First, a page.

Malta is the largest of the three islands that constitute the Malta archipelago which is situated 80 kilometres south of Italy, 284 kilometres east of Tunisia, and 333 kilometres north of Libya. The Islands are enviably located in the passageway between Africa and Europe.
Most of the Maltese people are Bilingual (English and Maltese), occasionally trilingual or more, French and Italian being a common language. The Maltese language is an interesting mixture of Arabic, Italian, and English and it’s the only sematic language written in Latin letters. The history of Malta dates back to 5200 B.C. when the first inhabitants came to settle in Malta from Sicily. The temples of Hagar Qim, Mnajdra, Skorba, Ta’ Hagrat, Tarxien and another two located at Ggantija in Gozo, were all build between 3200 B.C. and 700 B.C. Each one of these Temples is a World Heritage site and consists of a unique architectural masterpiece showing the prehistoric culture of those periods.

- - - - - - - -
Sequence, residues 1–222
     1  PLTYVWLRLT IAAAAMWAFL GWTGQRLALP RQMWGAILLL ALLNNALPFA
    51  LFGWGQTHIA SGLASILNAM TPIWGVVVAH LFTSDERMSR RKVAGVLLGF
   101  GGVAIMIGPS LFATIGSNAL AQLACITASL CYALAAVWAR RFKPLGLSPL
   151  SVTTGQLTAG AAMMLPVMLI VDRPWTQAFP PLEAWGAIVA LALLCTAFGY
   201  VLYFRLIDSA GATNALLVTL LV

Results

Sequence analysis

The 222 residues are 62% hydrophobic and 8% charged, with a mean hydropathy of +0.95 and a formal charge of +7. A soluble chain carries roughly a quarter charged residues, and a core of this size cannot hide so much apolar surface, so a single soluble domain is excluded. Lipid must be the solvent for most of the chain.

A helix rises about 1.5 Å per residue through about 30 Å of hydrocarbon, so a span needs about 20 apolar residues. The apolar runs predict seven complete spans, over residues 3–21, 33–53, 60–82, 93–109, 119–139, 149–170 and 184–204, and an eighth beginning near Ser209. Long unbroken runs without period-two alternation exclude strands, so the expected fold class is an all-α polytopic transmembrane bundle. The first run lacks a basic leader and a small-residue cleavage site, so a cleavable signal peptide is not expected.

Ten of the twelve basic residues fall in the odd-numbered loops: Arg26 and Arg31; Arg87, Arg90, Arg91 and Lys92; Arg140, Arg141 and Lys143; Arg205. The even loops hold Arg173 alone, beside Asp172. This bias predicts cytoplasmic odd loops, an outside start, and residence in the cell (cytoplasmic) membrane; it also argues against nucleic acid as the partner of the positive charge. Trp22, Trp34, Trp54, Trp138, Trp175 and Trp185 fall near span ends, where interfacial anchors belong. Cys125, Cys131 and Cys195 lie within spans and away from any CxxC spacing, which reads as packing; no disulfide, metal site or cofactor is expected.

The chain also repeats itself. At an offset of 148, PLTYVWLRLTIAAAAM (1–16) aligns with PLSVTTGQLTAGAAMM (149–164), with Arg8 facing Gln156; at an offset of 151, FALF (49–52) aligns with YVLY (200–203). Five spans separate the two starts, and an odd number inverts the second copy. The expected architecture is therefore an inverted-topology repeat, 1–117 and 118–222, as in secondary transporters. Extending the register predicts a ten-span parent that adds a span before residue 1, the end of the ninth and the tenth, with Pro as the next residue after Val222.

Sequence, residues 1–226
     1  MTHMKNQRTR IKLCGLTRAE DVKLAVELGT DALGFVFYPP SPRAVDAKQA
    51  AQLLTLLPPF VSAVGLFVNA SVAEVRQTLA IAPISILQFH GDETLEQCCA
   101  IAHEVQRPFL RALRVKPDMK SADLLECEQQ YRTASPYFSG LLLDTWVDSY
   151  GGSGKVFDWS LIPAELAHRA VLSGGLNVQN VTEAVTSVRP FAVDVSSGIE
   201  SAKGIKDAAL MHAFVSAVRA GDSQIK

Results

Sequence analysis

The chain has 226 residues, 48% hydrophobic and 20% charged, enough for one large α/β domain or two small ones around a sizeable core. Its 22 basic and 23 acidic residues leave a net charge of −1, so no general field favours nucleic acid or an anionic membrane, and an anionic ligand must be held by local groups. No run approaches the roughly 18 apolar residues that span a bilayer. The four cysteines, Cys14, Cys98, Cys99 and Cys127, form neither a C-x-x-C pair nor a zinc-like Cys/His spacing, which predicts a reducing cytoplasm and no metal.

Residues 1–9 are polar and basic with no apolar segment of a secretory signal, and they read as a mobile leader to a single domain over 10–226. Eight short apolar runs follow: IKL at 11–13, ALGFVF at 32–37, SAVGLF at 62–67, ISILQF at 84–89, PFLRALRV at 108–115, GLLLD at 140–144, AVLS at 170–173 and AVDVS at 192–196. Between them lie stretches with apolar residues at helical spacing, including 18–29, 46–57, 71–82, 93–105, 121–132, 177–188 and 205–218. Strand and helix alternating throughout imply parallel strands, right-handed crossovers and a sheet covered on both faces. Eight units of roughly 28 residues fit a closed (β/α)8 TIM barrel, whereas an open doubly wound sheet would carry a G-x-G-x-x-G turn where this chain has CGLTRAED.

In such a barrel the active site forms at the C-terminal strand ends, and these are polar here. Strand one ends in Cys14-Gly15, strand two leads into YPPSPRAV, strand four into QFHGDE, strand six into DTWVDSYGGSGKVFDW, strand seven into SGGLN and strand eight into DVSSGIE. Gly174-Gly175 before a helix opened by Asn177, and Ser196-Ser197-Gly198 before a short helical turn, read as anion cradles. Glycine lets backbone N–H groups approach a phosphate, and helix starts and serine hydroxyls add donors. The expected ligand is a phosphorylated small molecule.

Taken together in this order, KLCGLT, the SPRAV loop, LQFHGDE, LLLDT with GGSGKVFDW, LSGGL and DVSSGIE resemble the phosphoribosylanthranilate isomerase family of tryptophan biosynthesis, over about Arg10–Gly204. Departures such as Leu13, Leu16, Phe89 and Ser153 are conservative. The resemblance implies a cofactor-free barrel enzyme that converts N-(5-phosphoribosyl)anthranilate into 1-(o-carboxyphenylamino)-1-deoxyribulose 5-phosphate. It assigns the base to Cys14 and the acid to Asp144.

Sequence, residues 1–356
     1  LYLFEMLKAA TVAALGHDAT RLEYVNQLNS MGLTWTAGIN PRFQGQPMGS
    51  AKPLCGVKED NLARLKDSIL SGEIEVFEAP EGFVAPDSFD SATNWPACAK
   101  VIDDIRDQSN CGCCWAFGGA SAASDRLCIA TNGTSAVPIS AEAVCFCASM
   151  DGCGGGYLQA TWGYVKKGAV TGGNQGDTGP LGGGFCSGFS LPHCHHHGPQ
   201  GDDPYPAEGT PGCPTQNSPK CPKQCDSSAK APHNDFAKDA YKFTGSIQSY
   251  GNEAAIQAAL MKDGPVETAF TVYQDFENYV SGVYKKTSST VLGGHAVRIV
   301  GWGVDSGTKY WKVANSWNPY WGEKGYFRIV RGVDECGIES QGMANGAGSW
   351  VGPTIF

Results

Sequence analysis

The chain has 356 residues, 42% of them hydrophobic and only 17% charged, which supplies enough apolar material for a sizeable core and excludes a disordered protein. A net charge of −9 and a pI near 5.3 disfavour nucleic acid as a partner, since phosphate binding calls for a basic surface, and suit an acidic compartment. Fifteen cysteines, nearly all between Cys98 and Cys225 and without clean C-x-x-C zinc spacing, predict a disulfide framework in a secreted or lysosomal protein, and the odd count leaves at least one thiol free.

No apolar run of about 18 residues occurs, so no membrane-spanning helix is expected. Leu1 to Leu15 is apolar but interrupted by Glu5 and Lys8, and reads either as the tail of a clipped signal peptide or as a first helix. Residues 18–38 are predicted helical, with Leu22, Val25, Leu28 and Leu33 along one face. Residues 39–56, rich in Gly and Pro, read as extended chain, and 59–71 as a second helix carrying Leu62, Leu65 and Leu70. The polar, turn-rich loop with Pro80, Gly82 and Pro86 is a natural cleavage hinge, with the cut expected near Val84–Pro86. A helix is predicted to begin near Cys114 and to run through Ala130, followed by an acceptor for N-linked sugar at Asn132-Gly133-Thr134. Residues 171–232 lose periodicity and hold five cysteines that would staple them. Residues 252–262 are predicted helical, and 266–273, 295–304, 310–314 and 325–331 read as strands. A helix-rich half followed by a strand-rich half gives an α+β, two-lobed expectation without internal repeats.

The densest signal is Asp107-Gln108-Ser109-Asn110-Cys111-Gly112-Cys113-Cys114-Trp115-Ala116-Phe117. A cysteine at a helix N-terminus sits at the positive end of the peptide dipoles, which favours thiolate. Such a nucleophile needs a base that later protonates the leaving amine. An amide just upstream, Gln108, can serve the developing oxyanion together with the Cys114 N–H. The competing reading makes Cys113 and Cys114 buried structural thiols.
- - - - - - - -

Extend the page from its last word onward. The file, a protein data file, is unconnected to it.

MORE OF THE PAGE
The Phoenicians, the Carthaginians, the Romans, the Byzantine, the Arabs, the Normans, and many others ruled Malta until the year 1530, when the Roman Emperor, King Charles V of Spain, gave the ‘Order of St. John’, the island of Malta for a falcon as an annual fee. The Knights were noblemen from the most important families of Europe, with a mission to protect the Catholic faith
Napoleon Bonaparte took over Malta from the Knights in 1798, were he ruled Malta until the British came in 1799 and later, Malta became part of the British Crown Colony. Malta got the Independence in 1964 and became a Republic in 1979.
Malta has joined the European Union on the 1st May 2004, after a referendum held in March 2003. It is one of the smallest country in Europe with a population estimated at 450,000 people (year 2018) spread over the area of only 316 square kilometres